NEWS
January 13, 2012 | By Jeannine Stein, Los Angeles Times / For the Booster Shots blog
"The Biggest Loser" is an extremely popular show that's spawned a mini weight-loss industry and inspired a slew of loyal followers. But does watching the show foster more positive or negative attitudes about overweight people? That's what researchers set out to find in a study, published online recently in the journal Medicine & Science in Sports & Exercise . Participants included 59 people, mostly white women whose average age was 20. About half were randomly assigned to view an episode of "The Biggest Loser," while the others, acting as a control group, watched an episode of "Meerkat Manor," chosen because it featured no people who could have influenced the viewers' feelings about weight.
NEWS
August 26, 2011 | By Shari Roan, Los Angeles Times / For the Booster Shots blog
Weight loss is a complex thing. In fact, the old rule that cutting out or burning 500 calories a day will result in a steady, 1-pound-per-week weight loss doesn't reflect real people, researchers say. A new mathematical model from researchers at the National Institutes of Health instead shows that for the typical overweight adult, every 10-calorie-per-day reduction will result in the loss of about 1 pound over three years. Half that loss will occur in the first year. For example, cutting 250 calories a day from one's diet will lead to a 25-pound weight loss over three years.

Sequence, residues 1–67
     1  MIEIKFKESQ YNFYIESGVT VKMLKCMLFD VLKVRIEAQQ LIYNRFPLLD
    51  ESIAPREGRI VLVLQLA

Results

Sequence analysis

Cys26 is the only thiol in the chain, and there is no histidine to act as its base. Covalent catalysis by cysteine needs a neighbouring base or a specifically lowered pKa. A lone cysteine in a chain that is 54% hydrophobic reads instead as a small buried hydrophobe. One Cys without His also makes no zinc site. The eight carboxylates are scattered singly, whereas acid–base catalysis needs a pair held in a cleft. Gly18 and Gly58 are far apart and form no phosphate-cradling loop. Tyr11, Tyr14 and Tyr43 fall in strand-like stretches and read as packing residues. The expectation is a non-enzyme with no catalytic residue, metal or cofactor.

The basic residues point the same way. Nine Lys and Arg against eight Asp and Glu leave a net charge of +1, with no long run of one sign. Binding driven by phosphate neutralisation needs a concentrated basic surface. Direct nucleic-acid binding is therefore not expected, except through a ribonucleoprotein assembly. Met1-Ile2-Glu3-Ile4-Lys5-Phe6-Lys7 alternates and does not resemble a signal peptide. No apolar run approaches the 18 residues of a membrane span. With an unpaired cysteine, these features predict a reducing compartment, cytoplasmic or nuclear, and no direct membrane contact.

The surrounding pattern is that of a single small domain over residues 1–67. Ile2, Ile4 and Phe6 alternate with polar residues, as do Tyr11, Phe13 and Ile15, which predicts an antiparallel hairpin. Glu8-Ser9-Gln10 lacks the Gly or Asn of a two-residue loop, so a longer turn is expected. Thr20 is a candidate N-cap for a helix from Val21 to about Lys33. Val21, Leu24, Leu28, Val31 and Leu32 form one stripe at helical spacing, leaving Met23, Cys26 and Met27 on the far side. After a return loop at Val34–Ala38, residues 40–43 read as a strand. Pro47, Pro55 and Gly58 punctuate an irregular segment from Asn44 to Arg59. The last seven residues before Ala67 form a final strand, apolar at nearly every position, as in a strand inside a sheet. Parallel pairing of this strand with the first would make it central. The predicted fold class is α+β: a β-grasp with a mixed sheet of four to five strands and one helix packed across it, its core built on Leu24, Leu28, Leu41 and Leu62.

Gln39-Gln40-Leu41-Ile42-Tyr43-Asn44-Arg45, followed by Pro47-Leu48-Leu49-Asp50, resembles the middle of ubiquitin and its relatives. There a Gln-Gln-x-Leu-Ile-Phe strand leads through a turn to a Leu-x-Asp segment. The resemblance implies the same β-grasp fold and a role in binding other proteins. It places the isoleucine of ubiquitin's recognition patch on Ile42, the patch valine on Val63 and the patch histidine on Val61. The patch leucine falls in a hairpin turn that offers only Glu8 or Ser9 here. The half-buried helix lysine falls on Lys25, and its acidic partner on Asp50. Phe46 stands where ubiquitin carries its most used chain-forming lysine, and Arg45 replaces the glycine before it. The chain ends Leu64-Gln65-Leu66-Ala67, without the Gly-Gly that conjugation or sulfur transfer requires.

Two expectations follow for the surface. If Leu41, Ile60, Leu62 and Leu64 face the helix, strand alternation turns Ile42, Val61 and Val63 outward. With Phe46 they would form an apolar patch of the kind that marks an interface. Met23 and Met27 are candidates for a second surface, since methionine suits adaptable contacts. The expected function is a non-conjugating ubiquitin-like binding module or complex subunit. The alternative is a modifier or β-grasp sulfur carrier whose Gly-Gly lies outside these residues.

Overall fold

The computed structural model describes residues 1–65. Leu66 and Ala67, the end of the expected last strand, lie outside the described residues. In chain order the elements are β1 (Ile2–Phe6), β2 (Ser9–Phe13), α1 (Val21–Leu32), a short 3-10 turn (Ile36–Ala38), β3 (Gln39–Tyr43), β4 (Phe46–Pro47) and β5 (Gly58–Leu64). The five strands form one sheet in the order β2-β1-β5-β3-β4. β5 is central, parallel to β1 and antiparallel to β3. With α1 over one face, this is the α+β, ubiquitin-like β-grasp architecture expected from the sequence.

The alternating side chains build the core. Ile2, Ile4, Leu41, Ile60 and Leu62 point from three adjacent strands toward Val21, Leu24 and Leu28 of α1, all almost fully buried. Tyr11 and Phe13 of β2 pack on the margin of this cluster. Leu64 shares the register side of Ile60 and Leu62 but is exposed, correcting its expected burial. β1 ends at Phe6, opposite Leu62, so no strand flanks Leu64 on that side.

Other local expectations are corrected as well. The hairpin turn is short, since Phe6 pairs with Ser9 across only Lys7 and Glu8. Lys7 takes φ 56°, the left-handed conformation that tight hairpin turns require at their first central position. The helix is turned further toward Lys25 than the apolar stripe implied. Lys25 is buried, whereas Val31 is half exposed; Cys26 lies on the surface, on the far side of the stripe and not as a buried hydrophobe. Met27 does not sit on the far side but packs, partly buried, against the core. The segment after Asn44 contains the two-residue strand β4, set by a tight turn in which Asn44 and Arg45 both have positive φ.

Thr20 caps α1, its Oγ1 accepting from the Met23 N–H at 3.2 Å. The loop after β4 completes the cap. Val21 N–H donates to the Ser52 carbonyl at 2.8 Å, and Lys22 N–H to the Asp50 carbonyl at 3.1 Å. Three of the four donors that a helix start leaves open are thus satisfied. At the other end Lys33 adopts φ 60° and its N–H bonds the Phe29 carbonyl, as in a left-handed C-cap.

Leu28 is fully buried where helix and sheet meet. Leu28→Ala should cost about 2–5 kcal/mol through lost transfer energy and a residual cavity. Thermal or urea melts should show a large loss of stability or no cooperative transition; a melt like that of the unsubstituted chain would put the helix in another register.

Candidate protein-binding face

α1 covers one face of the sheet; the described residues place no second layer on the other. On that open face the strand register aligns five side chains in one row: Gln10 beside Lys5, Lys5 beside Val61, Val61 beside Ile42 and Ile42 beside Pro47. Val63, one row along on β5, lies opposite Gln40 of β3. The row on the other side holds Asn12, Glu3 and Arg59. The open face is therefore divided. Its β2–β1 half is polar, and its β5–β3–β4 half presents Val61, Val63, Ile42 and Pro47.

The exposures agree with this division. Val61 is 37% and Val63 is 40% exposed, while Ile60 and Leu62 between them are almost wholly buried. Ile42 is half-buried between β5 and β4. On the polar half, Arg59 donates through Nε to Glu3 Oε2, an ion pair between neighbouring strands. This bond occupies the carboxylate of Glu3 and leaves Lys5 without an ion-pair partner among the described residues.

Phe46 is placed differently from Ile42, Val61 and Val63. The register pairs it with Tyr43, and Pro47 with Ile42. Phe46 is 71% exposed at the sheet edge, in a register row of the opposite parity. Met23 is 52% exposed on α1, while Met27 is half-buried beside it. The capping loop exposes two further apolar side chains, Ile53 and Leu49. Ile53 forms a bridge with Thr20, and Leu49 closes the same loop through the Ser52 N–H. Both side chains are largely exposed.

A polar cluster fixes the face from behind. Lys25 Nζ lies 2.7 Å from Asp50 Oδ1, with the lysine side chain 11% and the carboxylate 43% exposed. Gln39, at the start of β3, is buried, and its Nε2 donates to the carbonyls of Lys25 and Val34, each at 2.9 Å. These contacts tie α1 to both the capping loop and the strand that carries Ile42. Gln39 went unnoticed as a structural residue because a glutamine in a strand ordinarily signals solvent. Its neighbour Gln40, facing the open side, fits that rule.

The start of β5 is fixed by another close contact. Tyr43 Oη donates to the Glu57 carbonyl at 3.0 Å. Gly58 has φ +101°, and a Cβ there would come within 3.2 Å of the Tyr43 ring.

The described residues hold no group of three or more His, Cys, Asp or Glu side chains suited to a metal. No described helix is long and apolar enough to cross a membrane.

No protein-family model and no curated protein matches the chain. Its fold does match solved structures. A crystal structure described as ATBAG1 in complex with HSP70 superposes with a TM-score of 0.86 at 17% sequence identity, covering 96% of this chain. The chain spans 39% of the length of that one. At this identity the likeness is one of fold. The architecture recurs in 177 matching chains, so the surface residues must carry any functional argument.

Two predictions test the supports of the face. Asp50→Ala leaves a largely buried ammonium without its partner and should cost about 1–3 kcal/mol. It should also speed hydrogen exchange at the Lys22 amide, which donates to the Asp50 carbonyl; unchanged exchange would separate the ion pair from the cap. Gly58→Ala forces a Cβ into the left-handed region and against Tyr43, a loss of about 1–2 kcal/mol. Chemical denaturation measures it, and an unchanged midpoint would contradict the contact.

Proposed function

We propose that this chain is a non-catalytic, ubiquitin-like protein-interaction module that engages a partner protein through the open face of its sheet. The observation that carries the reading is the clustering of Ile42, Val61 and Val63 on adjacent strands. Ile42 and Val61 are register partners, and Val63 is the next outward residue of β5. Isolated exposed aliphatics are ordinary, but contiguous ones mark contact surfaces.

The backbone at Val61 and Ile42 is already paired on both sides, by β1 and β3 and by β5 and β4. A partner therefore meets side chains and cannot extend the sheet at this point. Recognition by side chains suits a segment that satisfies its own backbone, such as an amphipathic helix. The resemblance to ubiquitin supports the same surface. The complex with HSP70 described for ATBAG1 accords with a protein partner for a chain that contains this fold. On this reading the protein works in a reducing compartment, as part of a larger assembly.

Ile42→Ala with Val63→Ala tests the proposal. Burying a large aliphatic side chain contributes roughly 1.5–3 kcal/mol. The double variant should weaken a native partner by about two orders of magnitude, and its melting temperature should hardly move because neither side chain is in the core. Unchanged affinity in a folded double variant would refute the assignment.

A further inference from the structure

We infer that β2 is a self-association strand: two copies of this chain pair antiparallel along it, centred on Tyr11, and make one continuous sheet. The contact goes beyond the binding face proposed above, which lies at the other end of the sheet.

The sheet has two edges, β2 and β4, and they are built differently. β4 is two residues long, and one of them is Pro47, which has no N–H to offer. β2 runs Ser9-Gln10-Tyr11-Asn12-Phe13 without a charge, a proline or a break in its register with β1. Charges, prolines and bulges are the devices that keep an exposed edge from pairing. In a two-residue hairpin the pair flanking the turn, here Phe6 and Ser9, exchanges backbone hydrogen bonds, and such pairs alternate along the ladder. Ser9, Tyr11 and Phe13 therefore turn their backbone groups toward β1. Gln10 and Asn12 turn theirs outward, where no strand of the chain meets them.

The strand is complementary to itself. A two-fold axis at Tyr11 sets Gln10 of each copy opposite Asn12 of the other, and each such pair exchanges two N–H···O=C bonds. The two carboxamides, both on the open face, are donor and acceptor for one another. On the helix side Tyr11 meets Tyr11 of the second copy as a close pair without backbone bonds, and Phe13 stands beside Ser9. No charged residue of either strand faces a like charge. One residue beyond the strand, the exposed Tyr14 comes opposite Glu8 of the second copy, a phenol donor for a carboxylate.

NEWS
June 7, 2011 | By Jeannine Stein, Los Angeles Times / For the Booster Shots blog
Overweight and obese young adults may be known by the company they keep--other overweight and obese people. But if those friends and family members are trying to lose weight, they could be a good influence. How social groups influence our health was the subject of a 2007 New England Journal of Medicine study that found that people who had close friends who were fat might triple their risk of becoming obese as well. A similar connection was found in a study from the June issue of the journal Obesity . But researchers found that connection may also help people lose weight.
HEALTH
August 1, 2005 | Daniel Costello, Times Staff Writer